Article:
Stop the disease at all costs

27 July 2022

If a global pandemic wasn’t enough to get through, livestock owners around the country are now nervously dealing with the threat of foot and mouth disease.


Victoria is Australia’s largest producer of food and fibre products and we must do everything we can to protect the sector. If foot and mouth takes hold, the industry will be devastated and our reputation will be tarnished for years to come.

The impact will have ramifications on dairy products such as cheese, milk, butter and margarine and meat products including lamb, beef and mutton. They will be off our table and off the export table too.

As the grandson of farmers, the risk of an outbreak really hits home, and the concern is being acutely felt by our friends and businesses in the regions.

That’s why we have no hesitation supporting the toughest biosecurity measures required to prevent an outbreak here in Australia, as we know it would have catastrophic consequences for our economy.

It’s estimated the cost to the Australian economy of an outbreak of foot and mouth disease here could be as high as $80 billion and would result in a ban on the export of our livestock and products.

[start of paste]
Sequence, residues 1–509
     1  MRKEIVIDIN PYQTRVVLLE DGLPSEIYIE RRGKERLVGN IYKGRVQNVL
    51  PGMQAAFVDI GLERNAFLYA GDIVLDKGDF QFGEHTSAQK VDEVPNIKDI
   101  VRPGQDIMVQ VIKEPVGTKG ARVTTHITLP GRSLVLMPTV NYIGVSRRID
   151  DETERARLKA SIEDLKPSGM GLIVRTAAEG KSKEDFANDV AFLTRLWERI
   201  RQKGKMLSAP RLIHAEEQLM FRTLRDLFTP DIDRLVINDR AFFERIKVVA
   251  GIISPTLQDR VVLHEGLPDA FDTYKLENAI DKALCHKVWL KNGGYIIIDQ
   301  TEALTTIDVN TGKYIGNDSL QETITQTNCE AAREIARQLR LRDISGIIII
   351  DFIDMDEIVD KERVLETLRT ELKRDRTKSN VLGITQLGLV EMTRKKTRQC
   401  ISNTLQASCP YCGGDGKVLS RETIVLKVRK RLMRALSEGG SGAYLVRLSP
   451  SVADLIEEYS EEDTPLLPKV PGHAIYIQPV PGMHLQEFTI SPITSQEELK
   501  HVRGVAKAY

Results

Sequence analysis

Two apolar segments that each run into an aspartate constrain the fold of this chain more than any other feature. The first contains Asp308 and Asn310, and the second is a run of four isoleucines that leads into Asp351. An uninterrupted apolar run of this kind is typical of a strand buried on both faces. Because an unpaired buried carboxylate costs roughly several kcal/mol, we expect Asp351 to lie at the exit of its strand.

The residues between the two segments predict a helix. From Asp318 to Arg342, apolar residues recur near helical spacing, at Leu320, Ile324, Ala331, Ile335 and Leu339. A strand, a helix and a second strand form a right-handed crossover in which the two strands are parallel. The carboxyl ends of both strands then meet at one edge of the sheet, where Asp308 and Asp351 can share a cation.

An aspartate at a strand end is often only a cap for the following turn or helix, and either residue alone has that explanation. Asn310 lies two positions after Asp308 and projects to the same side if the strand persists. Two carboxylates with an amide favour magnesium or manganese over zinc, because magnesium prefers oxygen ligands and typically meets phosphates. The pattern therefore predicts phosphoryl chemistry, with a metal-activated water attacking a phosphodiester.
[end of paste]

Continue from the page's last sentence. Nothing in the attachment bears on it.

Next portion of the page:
Agricultural production and food manufacturing in Victoria is worth $17.8 billion with 146,000 people employed across the sector. Victoria’s nearly 22,000 farm businesses account for a quarter of Australia’s total farm businesses with the beef, sheep and dairy industries among our biggest employers.

The Victorian Chamber of Commerce and Industry is the largest supplier of certificates of origin, which businesses must have to export products, in Victoria. We also work closely with the State and Federal Governments to boost trade opportunities, particularly in the lucrative Asia-Pacific region.

Victoria’s global reputation as a source of high-quality, `clean and green’ food and fibre products is crucial to our post-pandemic economy as we leverage opportunities in international markets.

The impact of an outbreak of foot and mouth disease would be felt well beyond the farmgate. It would have dire consequences for consumers already dealing with significant spikes in food prices and Victoria’s embattled hospitality sector still recovering from the pandemic.

While it might seem a drastic measure to some, the Federal Government has announced that international passengers arriving in Australia have to walk over sanitation mats and could be compelled to hand over their shoes.

When you consider the enormous impact of any potential outbreak, it’s undoubtedly the right step. Potentially, there may even need to be more done in time.

Victorian business has already dealt with one deadly virus over the past two years. We certainly don’t need another one.


This article originally appeared in the Herald Sun on Wednesday July 27, 2022 

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